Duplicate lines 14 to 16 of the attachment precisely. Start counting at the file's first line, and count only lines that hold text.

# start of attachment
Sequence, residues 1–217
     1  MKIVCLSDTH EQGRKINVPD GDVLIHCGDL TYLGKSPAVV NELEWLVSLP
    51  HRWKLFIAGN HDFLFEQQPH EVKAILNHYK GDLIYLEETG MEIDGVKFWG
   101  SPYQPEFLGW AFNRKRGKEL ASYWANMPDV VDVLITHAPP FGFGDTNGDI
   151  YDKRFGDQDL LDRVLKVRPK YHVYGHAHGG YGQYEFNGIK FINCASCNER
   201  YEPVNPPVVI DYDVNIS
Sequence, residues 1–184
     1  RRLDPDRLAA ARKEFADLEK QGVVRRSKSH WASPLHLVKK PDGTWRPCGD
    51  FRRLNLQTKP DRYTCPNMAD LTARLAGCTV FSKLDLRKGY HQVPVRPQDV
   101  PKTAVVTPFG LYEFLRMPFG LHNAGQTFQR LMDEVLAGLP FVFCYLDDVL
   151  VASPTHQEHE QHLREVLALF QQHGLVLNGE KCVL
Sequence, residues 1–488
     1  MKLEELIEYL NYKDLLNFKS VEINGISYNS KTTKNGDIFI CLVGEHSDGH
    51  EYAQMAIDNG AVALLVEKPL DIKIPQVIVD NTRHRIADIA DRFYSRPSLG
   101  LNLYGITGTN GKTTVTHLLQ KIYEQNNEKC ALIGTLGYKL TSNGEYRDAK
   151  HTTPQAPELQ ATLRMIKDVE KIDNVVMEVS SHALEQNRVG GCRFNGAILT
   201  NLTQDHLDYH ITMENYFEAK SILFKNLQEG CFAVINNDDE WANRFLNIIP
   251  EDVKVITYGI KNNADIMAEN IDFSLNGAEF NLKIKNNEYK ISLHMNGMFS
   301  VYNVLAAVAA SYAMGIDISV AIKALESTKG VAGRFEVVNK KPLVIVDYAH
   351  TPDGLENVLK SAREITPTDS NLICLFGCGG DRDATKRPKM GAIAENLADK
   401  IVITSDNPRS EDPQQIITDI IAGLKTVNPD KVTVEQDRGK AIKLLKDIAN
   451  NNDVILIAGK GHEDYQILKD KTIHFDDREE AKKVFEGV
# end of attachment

    51  EYAQMAIDNG AVALLVEKPL DIKIPQVIVD NTRHRIADIA DRFYSRPSLG
   101  LNLYGITGTN GKTTVTHLLQ KIYEQNNEKC ALIGTLGYKL TSNGEYRDAK
   151  HTTPQAPELQ ATLRMIKDVE KIDNVVMEVS SHALEQNRVG GCRFNGAILT